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Leaving a Legacy and Writing a Will

Generally we do not want to think about our mortality and making our Will. If you haven’t got a Will yet then you make up part of the 67% of the UK adult population without one.

Often the hardest decision to make when considering writing a Will is finding a professional who has the necessary knowledge, expertise and who you can trust to carry out the work for you.

The Society of Will Writers was established in 1994 to offer an independent regulatory framework for Will Writers and Estate Planning Professionals.  The SWW’s ranks now number 1800 members and it is estimated that our members write in excess of 200,000 wills a year.

Our role as a self-regulatory organisation means that the consumer can have confidence in using one of our members, the same way they would a solicitor.  SWW members adhere to a strict code of practice, train on an annual basis, and hold professional indemnity insurance as mandatory requirements.

Once you’ve made steps towards using a regulated professional you need to decide how you would like to distribute your estate.

Remember that your Will must be a paper document with a ‘wet’ signature.  It must be witnessed and signed properly to be a valid document.  Proper and careful thought should be given to the distribution of your estate.

With evermore complex family situations it is important to have a clear idea about how you would like to distribute your personal effects. It is not always as simple as leaving a gift to a relative.  There may be squabbles after you have passed and your Will should be clear as possible to avoid any ambiguity.   A professional will help you set this out in paper.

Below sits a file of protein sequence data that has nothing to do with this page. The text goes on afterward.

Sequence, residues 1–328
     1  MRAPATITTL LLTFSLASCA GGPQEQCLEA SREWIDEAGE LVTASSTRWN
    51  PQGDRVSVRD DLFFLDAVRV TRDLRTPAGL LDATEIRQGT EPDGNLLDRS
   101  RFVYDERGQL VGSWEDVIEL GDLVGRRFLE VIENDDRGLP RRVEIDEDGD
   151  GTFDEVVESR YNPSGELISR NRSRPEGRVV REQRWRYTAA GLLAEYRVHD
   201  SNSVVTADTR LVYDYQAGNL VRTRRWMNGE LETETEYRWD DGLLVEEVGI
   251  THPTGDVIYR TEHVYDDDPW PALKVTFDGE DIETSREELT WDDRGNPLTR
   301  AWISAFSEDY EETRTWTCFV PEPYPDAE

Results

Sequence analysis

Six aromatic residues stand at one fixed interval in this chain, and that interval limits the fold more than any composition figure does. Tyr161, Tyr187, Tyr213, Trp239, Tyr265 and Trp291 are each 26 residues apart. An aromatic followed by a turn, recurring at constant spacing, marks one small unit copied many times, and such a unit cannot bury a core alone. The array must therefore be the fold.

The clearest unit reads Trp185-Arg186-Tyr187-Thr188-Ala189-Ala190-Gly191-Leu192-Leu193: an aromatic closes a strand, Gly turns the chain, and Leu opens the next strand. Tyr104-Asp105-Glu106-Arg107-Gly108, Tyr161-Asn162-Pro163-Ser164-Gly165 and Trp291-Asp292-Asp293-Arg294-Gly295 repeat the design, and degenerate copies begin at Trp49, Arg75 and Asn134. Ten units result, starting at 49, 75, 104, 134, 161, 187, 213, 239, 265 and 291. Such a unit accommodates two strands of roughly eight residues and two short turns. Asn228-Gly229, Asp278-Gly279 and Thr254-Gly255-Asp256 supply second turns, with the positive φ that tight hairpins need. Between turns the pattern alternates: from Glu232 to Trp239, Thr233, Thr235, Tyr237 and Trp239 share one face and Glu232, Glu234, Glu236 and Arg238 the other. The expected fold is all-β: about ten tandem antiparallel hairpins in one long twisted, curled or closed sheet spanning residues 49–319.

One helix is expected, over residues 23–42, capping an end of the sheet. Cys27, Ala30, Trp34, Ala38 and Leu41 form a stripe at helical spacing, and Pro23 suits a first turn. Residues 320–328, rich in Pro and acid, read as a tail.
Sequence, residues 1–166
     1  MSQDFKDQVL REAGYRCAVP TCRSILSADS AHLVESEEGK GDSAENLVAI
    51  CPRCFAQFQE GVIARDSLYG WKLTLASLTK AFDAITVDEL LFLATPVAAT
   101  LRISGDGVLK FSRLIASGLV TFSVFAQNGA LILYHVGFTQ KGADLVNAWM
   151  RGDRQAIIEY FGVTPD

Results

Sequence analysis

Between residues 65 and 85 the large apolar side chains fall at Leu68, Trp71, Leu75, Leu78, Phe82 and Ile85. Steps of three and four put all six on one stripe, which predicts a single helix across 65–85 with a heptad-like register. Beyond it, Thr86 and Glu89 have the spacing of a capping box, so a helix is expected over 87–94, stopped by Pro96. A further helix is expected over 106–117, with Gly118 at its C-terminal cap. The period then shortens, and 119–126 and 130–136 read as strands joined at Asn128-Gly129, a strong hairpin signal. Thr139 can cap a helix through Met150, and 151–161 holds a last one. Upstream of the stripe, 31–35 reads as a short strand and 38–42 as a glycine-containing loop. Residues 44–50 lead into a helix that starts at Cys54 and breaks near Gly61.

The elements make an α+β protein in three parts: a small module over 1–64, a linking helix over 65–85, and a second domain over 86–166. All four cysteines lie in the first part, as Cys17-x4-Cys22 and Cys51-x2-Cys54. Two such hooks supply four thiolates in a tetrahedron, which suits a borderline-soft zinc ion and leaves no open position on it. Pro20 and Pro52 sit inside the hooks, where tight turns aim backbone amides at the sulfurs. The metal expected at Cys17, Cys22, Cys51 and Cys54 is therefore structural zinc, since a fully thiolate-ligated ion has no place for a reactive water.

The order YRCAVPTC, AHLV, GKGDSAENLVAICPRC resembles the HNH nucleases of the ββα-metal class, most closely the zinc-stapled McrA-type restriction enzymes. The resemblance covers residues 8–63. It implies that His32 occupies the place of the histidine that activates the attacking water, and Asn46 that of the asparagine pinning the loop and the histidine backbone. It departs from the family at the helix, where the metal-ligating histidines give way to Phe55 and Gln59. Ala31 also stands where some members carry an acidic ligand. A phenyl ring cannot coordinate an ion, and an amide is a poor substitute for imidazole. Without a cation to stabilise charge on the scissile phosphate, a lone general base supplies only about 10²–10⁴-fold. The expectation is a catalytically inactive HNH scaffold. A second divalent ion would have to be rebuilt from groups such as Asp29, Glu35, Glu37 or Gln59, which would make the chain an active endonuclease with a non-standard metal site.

If you work with a professional to have your Will drafted they will make the process as simple as possible and it is their job to help you plan for the future. Will Writers or Estate Planning Consultants are experts when it comes to succession law. This is a field in which they are specifically trained and continue to update their technical knowledge.  They will help you with all the possible factors you may need to think about when considering the distribution of your estate.  This will include the appointment of guardians, executors and trustees. They will advise you on how to effectively provide for your family and they will give advice on how to mitigate your tax liability.  A Will writer can help you set up a trust fund to provide for your children, grandchildren, make provision for your pets, or to leave money to a charity or good cause.

As a lay person (someone who is not adept in Will writing) you are not expected to understand the changes in legislation and the effects that they can have on your estate.  In the last year alone we have seen changes to the laws of intestacy, which define where your estate will pass if you were to die without a Will or if a gift failed because of an invalid clause in your Will.  There have also been changes to the rules governing the provision of care for the elderly or vulnerable as introduced by the Care Act.  Additionally, August 17th brings about the introduction to a European regulation (Brussels IV) governing cross border succession.  This will have an impact on those that have holiday homes or property in other European jurisdictions.

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